Here in Montreal our winters are long and hard. Winter does not retreat easily. He hangs on month after month, week after week. We tear off pages on the calendar and fool ourselves that “soon…next week……on the weekend” it will be milder, sunnier, warmer. It takes a long time for these wishes, these hopes to come true. Winter has its own schedule. For years my benchmark was St. Patrick’s Day. The turning point…we’re in spring now, right? Only when I stood like a pillar of salt in biting cold and saw my grandson dance in the St. Patrick’s Day Parade did I finally give up on this idea. It is not Spring. It is winters with a little more light. It is St. Patrick’s Day, no more no less. Even when the light draws green shoots out of the cold dark earth, snow can come. It does come. Many times I have covered the tender shoots in my back yard with newspapers to get them through a frosty night or to protect them from a heavy wet snow. They are beloved to me. I cannot bear to think of them being pinched, overwhelmed by cold and snow.
So when at last blooms come out, it has a meaning, a significance for us. The perfection of waxy magnolias is a sudden glory that comes to bless us even before leaves have come out on the other trees. This white beauty made me stop the car to take its portrait. The fleeting perfection of these blooms has a heartbreaking quality. Before you even have a chance to drag a dear friend to ” look, just look at this!” it’s shedding its petals. Carpe diem…hurry up and look…fall in love with me and be damned the knowledge that I will leave you…and soon.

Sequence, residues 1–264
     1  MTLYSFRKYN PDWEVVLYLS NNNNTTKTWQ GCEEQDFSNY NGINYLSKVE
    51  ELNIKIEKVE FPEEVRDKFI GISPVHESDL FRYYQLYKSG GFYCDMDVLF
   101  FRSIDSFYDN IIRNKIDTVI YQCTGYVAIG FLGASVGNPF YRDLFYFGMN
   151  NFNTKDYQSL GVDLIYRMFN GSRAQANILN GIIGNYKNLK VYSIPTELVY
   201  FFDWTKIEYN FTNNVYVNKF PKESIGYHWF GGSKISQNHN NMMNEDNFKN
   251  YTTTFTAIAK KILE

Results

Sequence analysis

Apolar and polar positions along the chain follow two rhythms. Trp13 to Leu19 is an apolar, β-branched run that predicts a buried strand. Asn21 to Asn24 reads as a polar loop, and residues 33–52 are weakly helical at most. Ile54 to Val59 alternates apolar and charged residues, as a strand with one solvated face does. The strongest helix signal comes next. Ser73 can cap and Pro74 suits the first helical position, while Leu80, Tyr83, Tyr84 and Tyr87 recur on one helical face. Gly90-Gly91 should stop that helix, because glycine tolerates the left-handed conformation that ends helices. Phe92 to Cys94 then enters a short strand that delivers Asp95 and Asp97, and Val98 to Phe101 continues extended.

And here’s this sober statue holding his rose right out there in public. This picture was taken the morning after Mother’s Day. So, what does this rose mean?
And this little Japanese almond that was planted in my garden long ago by a dear friend. It blooms very early but last year it became infested with gall, a disease of its bark that produced ugly growths. It was sick and I cut it back without mercy. I even tried to pull it out by the roots. I was a little disgusted by its sick appearance and I was a little angry wih my friend. I wanted it gone. But the roots were deep and it would ‘t come out. Here it is, the first blooming bush around. Saskatoon berry bush in the lane to come, lilac to come, mock almond still later, still to come. Even though I wanted to give up on this blossom, it wouldn’t give up on me.
There’s the thing and there’s it’s meaning. There’s the flower and there’s its story.